(The product in the particular 2006 one I just quoted from reads:Product or Service Information (Award) (Contract was for $22,800and place of performance, Duluth, Purchaser, Dept. of Homeland Security — so I’m guessing they flew some people up to Duluth to get trained….)
|Major Product or Service Code
|| 69: Training aids and devices
|Product or Service Code
|| 6910: Training Aids
|| DOMESTIC VIOLENCE VIDEO
(did they view it, or get interviewed to help create one?). A VIDEO can be sold over, and over, and over, and over, again…….)
Charities that provide few services. In other cases, nonprofit organizations may solicit donations for a charitable purpose, when little of the donated funds are actually used for that purpose. People may be asked to give money, donate their car, or purchase a product from an organization that promises to help support worthwhile causes. Upon closer review, however, most of the funds may actually be used to pay for high fundraising costs or executive compensation. These organizations may be nonprofits with tax-exempt status. This means that donors must take time to research all unfamiliar organizations before donating to find out how much of your money is actually going to worthwhile programs.
Follow these tips to be sure your money is spent as you intended:
- Is the organization registered with the State? Charities must register with the Minnesota Attorney General’s Office before they may solicit donations in Minnesota if they have raised or expect to raise more than $25,000 or have paid staff. Before you give money, research whether the organization is registered by visiting the Attorney General’s website at www.ag.state.mn.us or calling (651) 296-3353 or 1-800-657-3787. It should be a big red flag if an organization calls you for a donation and is not registered with the Attorney General’s Office.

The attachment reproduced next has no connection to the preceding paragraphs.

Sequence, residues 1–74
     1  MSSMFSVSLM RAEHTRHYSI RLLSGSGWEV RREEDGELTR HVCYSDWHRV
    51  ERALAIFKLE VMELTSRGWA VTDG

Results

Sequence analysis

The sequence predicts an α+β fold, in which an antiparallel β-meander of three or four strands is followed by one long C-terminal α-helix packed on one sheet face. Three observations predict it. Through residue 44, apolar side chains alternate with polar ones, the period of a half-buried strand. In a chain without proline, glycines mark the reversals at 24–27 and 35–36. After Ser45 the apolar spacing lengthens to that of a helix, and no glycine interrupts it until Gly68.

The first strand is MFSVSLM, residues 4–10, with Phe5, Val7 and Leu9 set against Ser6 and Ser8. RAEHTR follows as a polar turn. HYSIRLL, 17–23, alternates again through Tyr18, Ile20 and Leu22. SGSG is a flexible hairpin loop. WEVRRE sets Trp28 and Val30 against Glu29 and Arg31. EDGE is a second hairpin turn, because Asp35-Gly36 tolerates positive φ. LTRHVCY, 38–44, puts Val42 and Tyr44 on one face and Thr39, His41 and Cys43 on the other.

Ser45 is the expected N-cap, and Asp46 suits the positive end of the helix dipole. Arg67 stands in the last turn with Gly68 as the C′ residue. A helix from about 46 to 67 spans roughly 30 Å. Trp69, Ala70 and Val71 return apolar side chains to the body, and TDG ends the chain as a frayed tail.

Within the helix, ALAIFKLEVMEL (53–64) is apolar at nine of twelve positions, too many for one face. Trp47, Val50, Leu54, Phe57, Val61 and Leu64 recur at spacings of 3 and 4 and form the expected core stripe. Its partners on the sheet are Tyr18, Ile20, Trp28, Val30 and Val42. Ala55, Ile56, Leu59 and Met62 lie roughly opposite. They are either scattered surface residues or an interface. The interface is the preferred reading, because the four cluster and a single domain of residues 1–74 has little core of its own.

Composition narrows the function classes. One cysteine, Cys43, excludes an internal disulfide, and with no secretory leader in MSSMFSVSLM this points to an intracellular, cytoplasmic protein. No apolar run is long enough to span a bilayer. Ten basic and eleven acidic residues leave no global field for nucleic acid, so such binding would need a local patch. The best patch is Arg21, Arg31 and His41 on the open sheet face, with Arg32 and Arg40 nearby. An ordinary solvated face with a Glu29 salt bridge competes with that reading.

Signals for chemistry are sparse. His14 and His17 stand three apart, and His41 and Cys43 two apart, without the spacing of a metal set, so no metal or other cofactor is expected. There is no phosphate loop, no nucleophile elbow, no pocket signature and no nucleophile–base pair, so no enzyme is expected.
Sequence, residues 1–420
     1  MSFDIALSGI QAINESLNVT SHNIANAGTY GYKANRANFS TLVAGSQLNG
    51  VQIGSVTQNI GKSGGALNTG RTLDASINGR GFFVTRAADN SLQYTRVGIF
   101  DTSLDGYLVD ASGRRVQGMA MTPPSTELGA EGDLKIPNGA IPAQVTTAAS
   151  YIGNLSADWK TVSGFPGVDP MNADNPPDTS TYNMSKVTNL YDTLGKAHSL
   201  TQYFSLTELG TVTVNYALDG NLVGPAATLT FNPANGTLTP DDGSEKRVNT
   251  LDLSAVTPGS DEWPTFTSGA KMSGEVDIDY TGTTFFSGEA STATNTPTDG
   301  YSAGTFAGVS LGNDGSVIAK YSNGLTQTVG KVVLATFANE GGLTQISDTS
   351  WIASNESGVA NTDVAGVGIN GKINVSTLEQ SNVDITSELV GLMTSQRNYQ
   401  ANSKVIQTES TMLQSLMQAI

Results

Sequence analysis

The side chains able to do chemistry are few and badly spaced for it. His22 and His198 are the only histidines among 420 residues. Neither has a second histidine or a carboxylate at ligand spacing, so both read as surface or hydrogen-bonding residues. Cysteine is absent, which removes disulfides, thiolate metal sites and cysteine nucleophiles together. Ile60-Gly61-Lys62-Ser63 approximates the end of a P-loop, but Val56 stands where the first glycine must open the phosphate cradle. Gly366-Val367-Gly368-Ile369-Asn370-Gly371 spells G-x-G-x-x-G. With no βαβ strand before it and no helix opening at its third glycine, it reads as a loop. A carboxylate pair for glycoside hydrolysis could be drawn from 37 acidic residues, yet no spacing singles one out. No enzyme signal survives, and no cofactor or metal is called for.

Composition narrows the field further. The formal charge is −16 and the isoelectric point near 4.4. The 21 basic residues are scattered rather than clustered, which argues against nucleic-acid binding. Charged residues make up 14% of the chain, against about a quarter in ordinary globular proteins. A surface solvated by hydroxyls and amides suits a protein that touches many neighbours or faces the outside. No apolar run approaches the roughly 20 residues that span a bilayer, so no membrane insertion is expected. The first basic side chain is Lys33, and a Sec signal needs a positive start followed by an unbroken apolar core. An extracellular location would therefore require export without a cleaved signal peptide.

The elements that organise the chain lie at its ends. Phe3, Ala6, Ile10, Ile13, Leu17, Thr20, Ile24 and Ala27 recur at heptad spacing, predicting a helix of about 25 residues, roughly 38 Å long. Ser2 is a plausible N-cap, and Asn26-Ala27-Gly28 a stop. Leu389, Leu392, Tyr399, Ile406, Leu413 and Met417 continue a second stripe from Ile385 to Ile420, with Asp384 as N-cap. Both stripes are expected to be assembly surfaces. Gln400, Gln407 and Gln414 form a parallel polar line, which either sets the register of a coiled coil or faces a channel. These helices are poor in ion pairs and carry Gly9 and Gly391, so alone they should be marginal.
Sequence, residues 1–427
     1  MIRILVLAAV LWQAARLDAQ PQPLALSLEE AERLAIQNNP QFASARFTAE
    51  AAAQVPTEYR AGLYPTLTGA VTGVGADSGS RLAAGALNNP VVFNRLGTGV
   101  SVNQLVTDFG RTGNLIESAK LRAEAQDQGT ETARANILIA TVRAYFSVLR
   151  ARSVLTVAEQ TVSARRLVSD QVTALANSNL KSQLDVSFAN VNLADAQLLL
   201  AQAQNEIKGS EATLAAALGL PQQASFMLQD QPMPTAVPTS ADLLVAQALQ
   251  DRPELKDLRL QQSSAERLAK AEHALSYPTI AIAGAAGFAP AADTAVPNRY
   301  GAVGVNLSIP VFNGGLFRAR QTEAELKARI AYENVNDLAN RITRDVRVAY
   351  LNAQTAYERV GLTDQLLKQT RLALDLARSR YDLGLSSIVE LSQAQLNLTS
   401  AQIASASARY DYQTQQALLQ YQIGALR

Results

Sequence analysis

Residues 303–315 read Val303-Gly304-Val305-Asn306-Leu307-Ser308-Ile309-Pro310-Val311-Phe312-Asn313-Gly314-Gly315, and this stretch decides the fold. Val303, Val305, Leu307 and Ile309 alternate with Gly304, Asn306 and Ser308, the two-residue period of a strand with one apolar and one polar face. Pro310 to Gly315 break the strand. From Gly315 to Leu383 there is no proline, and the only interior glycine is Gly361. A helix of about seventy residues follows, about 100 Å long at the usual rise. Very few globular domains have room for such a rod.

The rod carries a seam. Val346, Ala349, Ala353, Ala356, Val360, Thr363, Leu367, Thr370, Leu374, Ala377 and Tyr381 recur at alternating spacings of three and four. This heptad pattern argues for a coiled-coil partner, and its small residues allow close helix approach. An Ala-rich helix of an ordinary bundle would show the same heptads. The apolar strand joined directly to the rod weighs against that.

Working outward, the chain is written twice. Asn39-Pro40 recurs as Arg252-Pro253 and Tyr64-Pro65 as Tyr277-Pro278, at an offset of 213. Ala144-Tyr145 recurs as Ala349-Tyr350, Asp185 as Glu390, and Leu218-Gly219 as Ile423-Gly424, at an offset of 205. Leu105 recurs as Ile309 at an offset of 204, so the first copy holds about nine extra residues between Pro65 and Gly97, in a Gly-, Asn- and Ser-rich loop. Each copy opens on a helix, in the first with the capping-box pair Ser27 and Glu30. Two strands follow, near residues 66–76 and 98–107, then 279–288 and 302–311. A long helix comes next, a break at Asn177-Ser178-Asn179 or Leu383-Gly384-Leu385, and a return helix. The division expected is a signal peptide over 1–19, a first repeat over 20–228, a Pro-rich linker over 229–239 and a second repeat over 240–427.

- How does the organization spend money? Take time to research how the organization has spent money in the past. Charities that are registered with the State must file an annual financial statement showing how much money they have raised and how they have spent it. The financial statement is called a Form 990. You may obtain copies of the Form 990 from the Attorney General’s Office. You may also obtain from the office copies of contracts between charities and their professional fund-raisers so you can determine what percentage of your donation is going to charity.
- Is the organization tax-exempt? Find out if the organization has been granted tax-exempt status by calling the IRS tax-exempt hotline at 1-877-829-5500 or searching Publication 78 on its website atwww.irs.gov. It should be a red flag if an organization asks you for a donation for a supposed charitable purpose but does not have tax-exempt status from the IRS. and: